If I were to go look for a Taekwondo teacher….I would much rather be taught by a Korean black belt…than perhaps Master “Billy Bob”….or if I wanted to eat authentic Vietnamese food I would go to a restaurant run by a Vietnamese family instead of a “Pei Wei” style ripoff. These are rather poor analogies…and it doesn’t excuse the basic issue….but I as I said…there are schools that will hire VK….so if you have a problem at one place; there are many other options.

      Yes I know Popeye’s well. I never could find a Church’s in Indiana and had to settle for Popeye’s. I hated it initially…it was dry and the chicken always seemed burnt. Turns out that if you buy the regular chicken instead of the spicy version….it is very similar to Church’s. Funny thing is….only a few places up north seems to carry Jalapenos….and I cannot eat fried chicken without Jalapenos. I would have to run out to the grocery store to get some Jalapeno peppers just so I can eat my chicken.

      As for Mexican food…ugh….I hate it. The only Mexican food I actually like is Fajitas….and the best Fajitas I’ve eaten anywhere is at Taco Cabana. It’s all in the pico di gallo. If your pico sucks…the fajitas suck….and TC has the best pico.

      Have been invited to a bunch of Tet events….not sure if I’m going to go. Trying to get over a cold the past few days and just not feeling up to snuff. Might force myself to go out for a bit and take some pictures.

  • Benny

    My two little boys can eat Fuddrucker’s every day. It’s shame that I cannot post pictures because I really want to post picture of a Fuddrucker’s cheeseburger.

    What about B-B-Q? Don’t tell me. You don’t care for that either. 🙁

    Right now, I really crave a cholesterol-laden bánh ch?ng!!

    • odgnut

      haha…rub it in.

      I love BBQ…however it depends on the place. Most restaurants make their BBQ sauce way too sweet. There was a place in SA called Tom’s Ribs that had the best BBQ in the world bar none. 10-15 years ago there were queues out the door with people waiting to get in. I saw a lot of San Antonio Spurs players there. Then the owner got greedy and expanded from 1 location to 4 in a year’s time….and the quality of the food suffered. When the economy collapsed….Tom’s Ribs went under. I never found a new place that could ever compare.

      I hate banh feet. 🙂

  • Gazle

    Thanks for the blog re currency. Ive been reading frequently that the gold shops are the way to go for exchanging our USD (or AUD)
    Can you tell me if these shops are “obvious”. Do they money exchange boards out front etc?
    We will be staying in Hotel Elegance2 in Hanoi’s Old Quarter – do you know if there is a gold shop handy to there?

    • odgnut

      Yes…the stores are in plain sight. Look for a sign that says “Tiem Vang” (Tiem = store, Vang = Gold). Usually you will see a lot of gold trinkets and plaques displayed….some stores show the exchange rate on a sign right in front. I haven’t been to Hanoi so I can’t recommend a gold shop up there….but Taxis and Xe Om will know where they are. You probably would see a bunch just walking around. Just walk up to a couple of shops and ask what the current exchange rate is….they should quote you similar rates. Remember that the bigger bills exchange at a higher rate….and the crispness of the bills matter.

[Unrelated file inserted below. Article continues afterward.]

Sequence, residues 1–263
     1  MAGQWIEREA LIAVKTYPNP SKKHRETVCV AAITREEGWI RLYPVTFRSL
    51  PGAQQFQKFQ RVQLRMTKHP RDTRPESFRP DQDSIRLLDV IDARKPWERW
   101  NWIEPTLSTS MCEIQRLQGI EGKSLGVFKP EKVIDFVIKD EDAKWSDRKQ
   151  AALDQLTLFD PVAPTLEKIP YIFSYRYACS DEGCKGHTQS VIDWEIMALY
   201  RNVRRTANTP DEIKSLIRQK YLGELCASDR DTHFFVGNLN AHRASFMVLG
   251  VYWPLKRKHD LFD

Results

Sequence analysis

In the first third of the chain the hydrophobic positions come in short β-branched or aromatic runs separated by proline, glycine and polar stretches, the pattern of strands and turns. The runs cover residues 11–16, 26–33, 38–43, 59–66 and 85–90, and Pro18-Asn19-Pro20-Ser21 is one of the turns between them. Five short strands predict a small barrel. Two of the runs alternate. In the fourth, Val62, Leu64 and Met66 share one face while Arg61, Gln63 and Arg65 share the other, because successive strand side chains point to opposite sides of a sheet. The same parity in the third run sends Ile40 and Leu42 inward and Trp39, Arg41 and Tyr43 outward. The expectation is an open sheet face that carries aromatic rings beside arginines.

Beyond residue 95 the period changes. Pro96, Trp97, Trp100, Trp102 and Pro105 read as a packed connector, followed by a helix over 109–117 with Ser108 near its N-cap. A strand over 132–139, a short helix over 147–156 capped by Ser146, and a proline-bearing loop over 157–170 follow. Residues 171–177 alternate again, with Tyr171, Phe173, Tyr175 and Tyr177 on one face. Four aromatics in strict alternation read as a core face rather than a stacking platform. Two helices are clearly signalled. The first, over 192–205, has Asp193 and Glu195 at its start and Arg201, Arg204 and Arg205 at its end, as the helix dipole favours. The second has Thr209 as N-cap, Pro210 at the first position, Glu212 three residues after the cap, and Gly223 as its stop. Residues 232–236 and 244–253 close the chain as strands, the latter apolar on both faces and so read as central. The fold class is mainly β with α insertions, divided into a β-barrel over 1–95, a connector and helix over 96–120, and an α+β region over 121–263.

• Sher

    Very useful information. I wish I had seen your blog before I left for Vietnam. About HSBC, you are saying that you opened a Vietnamese HSBC account online and then were able to get US dollars wired into it? Do I understand that correctly?

    • odgnut

      No, I opened up a HSBC account in the U.S. and I can withdraw money from the ATM over here. Many of the local banks won’t let you open up a bank account in VN unless you have a work permit or you’re a resident.

  • Claude

    Thanks for your blog. I enjoy reading about your adventures.
    I often use the ATM with no fees at Vietin bank. However, they only allow 2,000,000 vnd at a time. So, I re submit my card several times.
    I also use my brokerage card (charles Schwab Bank)that doesn’t charge me any fees and reimburses me for any other bank’s fees.
    Thanks for the info on HSBC.

  • Claude

    Is the withdrawal at AZN fee free? Citi bank ATM at Sunwah building district 1 allows 8,000,000 vnd at a time for 20,000 vnd fee.

  • This a great blog and the comments bring more clarity to my thoughts. Arriving in Saigon Feb 14 from Chicago and am looking to enjoy an extended visit. Thanks much. Will be checking out HSBC and a Capital One Card now.
    Sincerely, Bud-Chicago

  • juan

    Hi. I plan to visit Vietnam in winter this year. What is worring me is about this atm withdrawals outside the main cities. For example if I am in Hue, Da Lat, Nha trang..etc, can I withdraw from the atm at least 400 dollars, like 8,000,000 dongs at once or I have to do it few times?? every time I take money out it cost me here in my bank in Canada 5 dollars plus what ever they charge in Vietnam…

  • Claude

    Juan, a few ideas: If you look up the ATM locations for Citibank, you can get 8,000,000.vnd. Or, ABC bank will charge your debit card inside their bank for almost any amount. I have taken out as much as 2,000 usd at a time in Can Tho at ABC Bank (inside with my debit card)
    I also use an investment account debit card from Charles Schwab which doesn’t chatge me any extra in the USA….unlike Bank of America for which I terminated my accounts.